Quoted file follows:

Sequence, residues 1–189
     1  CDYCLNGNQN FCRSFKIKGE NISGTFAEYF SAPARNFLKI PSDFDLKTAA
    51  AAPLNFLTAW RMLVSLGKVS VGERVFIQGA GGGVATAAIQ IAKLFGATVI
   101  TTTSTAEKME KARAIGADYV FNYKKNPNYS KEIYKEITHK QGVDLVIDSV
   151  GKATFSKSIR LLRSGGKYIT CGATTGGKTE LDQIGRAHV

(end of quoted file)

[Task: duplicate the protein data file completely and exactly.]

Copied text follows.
Sequence, residues 1–189
     1  CDYCLNGNQN FCRSFKIKGE NISGTFAEYF SAPARNFLKI PSDFDLKTAA
    51  AAPLNFLTAW RMLVSLGKVS VGERVFIQGA GGGVATAAIQ IAKLFGATVI
   101  TTTSTAEKME KARAIGADYV FNYKKNPNYS KEIYKEITHK QGVDLVIDSV
   151  GKATFSKSIR LLRSGGKYIT CGATTGGKTE LDQIGRAHV